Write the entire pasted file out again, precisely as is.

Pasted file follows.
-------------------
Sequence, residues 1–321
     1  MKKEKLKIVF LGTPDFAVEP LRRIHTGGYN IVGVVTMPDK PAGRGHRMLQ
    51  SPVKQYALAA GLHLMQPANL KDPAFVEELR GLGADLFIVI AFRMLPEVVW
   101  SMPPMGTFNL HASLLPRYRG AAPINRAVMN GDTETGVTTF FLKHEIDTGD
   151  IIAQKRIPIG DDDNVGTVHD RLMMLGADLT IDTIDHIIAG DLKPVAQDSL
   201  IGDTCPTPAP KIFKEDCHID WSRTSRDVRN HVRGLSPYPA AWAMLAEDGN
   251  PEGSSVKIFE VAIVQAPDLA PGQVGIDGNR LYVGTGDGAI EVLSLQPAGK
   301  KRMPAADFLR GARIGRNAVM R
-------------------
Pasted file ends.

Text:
Sequence, residues 1–321
     1  MKKEKLKIVF LGTPDFAVEP LRRIHTGGYN IVGVVTMPDK PAGRGHRMLQ
    51  SPVKQYALAA GLHLMQPANL KDPAFVEELR GLGADLFIVI AFRMLPEVVW
   101  SMPPMGTFNL HASLLPRYRG AAPINRAVMN GDTETGVTTF FLKHEIDTGD
   151  IIAQKRIPIG DDDNVGTVHD RLMMLGADLT IDTIDHIIAG DLKPVAQDSL
   201  IGDTCPTPAP KIFKEDCHID WSRTSRDVRN HVRGLSPYPA AWAMLAEDGN
   251  PEGSSVKIFE VAIVQAPDLA PGQVGIDGNR LYVGTGDGAI EVLSLQPAGK
   301  KRMPAADFLR GARIGRNAVM R